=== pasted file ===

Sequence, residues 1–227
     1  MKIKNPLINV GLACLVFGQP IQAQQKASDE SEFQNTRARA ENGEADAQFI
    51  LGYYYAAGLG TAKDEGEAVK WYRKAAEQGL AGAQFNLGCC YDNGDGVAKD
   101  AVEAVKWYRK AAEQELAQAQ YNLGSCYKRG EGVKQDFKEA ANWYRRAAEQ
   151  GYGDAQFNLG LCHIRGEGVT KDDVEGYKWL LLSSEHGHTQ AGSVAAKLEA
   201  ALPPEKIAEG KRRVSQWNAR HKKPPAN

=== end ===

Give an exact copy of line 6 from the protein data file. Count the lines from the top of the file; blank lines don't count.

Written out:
   201  ALPPEKIAEG KRRVSQWNAR HKKPPAN